EVE Evolved: Stellar council - one month on


Yesterday marked the one month anniversary of EVE Online's democratically elected Council of Stellar Management. The council was created as a way for the players to democratically decide which game issues are important enough to bring to CCP's attention. Since CCP are unable to sift through the forum for important topics, this gives a way for players to put forward their problems in a constructive manner. The council vote on whether each issue is important or not and compile a list to present to CCP. CCP have the final say in what issues from the list they think need to be addressed and will essentially be using the CSM to focus player feedback into a constructive form they can use.

Since its inception, the CSM has been plagued with problems and disputes. From the beginning, it was clear that a surprisingly small proportion of the playerbase were interested in the whole thing. Only 11% of players voted and of those even fewer actively participate in presenting issues to the council. With such a low voting turnout from the general EVE populace, it was argued that organised alliance voting made up the majority of the votes. Disputes escalated to new heights with the conclusion of the third official CSM meeting but recent meetings have seen vast improvements across the board.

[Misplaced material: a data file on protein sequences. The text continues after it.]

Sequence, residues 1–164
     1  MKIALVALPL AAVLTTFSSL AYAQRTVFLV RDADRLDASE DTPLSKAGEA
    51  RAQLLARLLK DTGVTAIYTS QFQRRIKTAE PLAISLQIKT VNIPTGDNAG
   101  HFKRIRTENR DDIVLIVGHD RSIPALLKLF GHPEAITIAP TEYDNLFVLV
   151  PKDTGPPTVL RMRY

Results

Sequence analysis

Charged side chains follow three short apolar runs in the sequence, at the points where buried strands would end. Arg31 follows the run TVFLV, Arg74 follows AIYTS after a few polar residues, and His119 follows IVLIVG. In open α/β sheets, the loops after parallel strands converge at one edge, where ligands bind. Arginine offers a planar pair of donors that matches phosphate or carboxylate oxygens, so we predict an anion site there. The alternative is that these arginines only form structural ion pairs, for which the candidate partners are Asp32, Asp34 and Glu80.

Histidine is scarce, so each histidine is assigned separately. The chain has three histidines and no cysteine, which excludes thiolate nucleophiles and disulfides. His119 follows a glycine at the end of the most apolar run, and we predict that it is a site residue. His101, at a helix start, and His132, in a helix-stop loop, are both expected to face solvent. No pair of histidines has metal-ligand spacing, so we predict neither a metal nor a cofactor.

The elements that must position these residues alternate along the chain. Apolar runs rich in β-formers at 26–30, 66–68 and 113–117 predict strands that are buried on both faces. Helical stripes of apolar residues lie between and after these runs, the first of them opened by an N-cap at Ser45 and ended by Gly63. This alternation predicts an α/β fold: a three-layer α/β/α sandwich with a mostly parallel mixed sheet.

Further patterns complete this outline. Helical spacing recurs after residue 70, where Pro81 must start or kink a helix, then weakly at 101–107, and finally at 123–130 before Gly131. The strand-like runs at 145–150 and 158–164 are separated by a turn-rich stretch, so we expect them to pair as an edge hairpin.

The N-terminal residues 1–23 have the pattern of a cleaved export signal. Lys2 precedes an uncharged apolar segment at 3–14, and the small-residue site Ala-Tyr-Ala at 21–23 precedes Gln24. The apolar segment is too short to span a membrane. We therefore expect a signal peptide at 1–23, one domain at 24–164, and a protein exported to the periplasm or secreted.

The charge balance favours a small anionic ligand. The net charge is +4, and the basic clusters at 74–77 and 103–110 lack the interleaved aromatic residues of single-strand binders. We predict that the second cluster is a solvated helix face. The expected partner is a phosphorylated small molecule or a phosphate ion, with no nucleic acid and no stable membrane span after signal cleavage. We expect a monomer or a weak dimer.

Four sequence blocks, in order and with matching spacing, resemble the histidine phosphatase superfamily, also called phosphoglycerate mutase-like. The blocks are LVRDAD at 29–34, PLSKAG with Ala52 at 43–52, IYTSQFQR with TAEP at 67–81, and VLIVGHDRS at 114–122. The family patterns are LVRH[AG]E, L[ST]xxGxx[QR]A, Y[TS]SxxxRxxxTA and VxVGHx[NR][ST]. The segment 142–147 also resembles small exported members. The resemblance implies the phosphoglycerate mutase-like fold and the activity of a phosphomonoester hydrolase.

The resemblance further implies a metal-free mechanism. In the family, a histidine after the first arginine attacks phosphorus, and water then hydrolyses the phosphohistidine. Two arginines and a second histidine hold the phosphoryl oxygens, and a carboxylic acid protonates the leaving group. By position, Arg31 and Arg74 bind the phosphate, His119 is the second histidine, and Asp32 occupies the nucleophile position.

At this one month anniversary, I look back on the problems that have plagued the council of stellar management and how they've been handled.

The chairman:

The public vote for the council's members served a dual purpose. The results of the vote determined both the members on the council and who the chairman would be. With the highest number of votes, Jade Constantine was made chairman of the council for the next six months. Reception of the news was varied, with some players supporting Jade and others predicting that the council would fail horribly under his guidance. Almost immediately, the question was brought up of how a vote of no-confidence in the chairman could be enacted if required later.